Meli Musson

Meli Musson - STUDENT PROFILE | bospbeijingsa@lists.stanford.edu

Stanford in Beijing, Autumn 2013-14
Major: International Relations
College year while abroad: Junior

questions and answers with Meli

Why did you choose to study abroad in China?

I love to travel but had never been to anywhere in Asia. As an international relations major, I have taken many classes about Chinese culture, economy, and politics and felt like the ideal way to learn more would be to experience life in China first hand.  I also desperately wanted to improve my Chinese and knew that time at Beijing University would be a great way to do so.

What were your expectations before you went and how did those change once you arrived in China?

I was incredibly nervous before heading to China, I knew that it would be immensely different, but the ways it was different surprised me more often than not. I expected the most difficult changes would be to how navigate with limited Chinese, adjust to smoggy air, and eat anything besides rice (as I am a long time vegetarian). When I arrived I was shocked not by how different China was, but the fact that being in Beijing was far more similar many places than I would ever expect. Some of my expectations were met; the air quality isn’t always great and vegetarian food isn't abundant, but living on campus in dorms with other Stanford students, settling into a routine of going to class, getting Boba with friends and heading to the gym, was much more familiar than I could have ever imagined.

What were some of the academic benefits from studying abroad in China?

As anyone interested in international relations or anyone with interest in economic development or the global economy, China is a place where these topics come completely to life. Stanford Center at Beijing University is a beautiful facility that is perfect as an oasis of academia in the bustling areas of Beijing.

What was the most challenging experience you encountered while you were abroad and what did you learn from it?

The most challenging part of being abroad was overcoming wariness to speak Chinese with locals. People are often flattered to meet students studying Chinese and incredibly patient but I was still very nervous to ever try to talk with strangers. I overcame my fears out of pure necessity when needing to ask for directions, but the experience made me realize how important it was to keep pushing myself to experience more in Beijing without being self-conscious.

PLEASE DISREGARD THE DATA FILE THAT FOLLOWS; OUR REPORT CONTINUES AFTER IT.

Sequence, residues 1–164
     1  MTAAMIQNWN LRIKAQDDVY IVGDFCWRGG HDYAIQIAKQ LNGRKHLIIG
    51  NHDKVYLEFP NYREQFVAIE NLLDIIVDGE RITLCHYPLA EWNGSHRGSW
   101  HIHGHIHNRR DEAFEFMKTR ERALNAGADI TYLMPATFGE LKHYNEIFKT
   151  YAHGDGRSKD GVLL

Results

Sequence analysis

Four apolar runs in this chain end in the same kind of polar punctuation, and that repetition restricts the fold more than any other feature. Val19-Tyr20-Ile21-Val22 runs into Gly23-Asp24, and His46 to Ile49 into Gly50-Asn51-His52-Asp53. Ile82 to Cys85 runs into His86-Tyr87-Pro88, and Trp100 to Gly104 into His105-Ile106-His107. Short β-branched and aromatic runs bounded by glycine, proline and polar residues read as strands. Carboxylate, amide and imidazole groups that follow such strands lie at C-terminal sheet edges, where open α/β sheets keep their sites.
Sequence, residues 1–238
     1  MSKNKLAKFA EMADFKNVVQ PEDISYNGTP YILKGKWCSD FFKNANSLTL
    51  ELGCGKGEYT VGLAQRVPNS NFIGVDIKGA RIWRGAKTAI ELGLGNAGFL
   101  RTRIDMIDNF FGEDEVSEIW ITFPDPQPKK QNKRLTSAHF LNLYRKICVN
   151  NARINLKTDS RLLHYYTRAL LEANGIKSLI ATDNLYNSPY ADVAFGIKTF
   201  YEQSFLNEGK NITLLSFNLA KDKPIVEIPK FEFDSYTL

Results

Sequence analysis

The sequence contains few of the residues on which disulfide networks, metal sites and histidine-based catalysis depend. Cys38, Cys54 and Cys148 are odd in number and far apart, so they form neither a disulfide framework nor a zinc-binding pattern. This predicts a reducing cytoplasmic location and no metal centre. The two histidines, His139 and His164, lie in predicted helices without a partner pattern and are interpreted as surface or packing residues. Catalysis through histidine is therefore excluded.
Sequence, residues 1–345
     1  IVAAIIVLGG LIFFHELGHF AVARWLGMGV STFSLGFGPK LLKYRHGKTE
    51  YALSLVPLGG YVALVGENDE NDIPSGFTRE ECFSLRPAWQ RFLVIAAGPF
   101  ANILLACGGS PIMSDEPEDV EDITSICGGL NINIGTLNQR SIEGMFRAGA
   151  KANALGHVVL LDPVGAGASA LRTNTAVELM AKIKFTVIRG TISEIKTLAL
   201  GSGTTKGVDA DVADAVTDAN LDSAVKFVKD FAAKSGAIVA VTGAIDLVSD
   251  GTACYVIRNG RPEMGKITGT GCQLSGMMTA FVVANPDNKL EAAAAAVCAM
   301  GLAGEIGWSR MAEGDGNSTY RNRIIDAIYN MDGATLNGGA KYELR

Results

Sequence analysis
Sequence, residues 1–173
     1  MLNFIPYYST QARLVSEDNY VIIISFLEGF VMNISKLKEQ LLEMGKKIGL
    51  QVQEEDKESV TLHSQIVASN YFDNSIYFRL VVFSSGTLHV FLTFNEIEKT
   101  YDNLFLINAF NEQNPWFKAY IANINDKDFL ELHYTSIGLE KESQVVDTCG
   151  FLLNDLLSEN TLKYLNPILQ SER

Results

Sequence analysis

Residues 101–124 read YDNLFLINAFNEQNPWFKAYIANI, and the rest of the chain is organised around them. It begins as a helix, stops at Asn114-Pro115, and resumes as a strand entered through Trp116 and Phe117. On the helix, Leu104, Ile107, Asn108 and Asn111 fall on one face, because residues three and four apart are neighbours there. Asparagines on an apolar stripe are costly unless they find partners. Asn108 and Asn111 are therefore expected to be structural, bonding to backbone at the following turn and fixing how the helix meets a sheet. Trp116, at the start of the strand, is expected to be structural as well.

What was the biggest cultural adjustment you had to make?

The biggest cultural adjustment I had to make was understanding the norms of personal space in China and realizing that just because people are more assertive does not mean they are rude, it is just a part of a completely different culture.

What was your favorite part of your everyday life in China?

My favorite part of everyday life was traveling around campus. The PKU campus is like a mini city and it was wonderful to establish a routine walking around to different restaurants and cafeterias on campus, getting to know shopkeepers and feel as at home as on Stanford’s campus.

What was the most memorable experience you had while you were in China?

My most memorable experience was traveling to the Yellow Mountains as a part of our Bing trip. It was some of the most beautiful scenery I have ever seen in ways that are different from any other landscapes in the US.

What 5 words would you use to describe your experience?

Exceptional, unexpected, overwhelming, exhilarating, satisfying

What advice would you give to someone who was considering studying abroad in China?

The advice that I would give to anyone thinking about studying abroad in China is that if they are thinking about going they absolutely need to go. China attracts a very special group of people who are diverse and adventurous. Spending an extended amount of time in China is something many people won’t have a chance to do or experience anything similar to. It is also incredibly important to realize you don’t have to speak fluent Chinese or be a cultural expert to thrive in Beijing and have an amazing time.

If you had to do it all over again what would you do differently?

If I could relive the experience of going abroad, I would work to step out of my comfort zone more quickly and more often. The 12 week program seems like a very long time but it really flies by and though I was often travelling and visiting important sites, by the end of the trip there were still places I would have loved to travel to or visit more often. In that same vein I would also have like to take fewer units to give myself more time to explore the country.

How has the experienced changed or enhanced your future academic and career goals?

This experience has shown me the true value of travel and understanding different cultures and I would love to incorporate both into my future career goals, Academically being abroad makes you appreciate how small the world truly is and inspired me to want to keep up with happenings in China on all levels.

What was your favorite food you had in China?

My go to favorite food in China was the xihongshi jidan mian , tomato-egg noodle soup made with freshly pulled noodles in the Beida cafeteria.

What was the most valuable item you took with you on the program?

Slippers.

What was your favorite music/band that you discovered in China?

K-pop is very popular in China and I had never heard of it before. Big Bang is a great K-pop band with music videos that are just as entertaining as their music.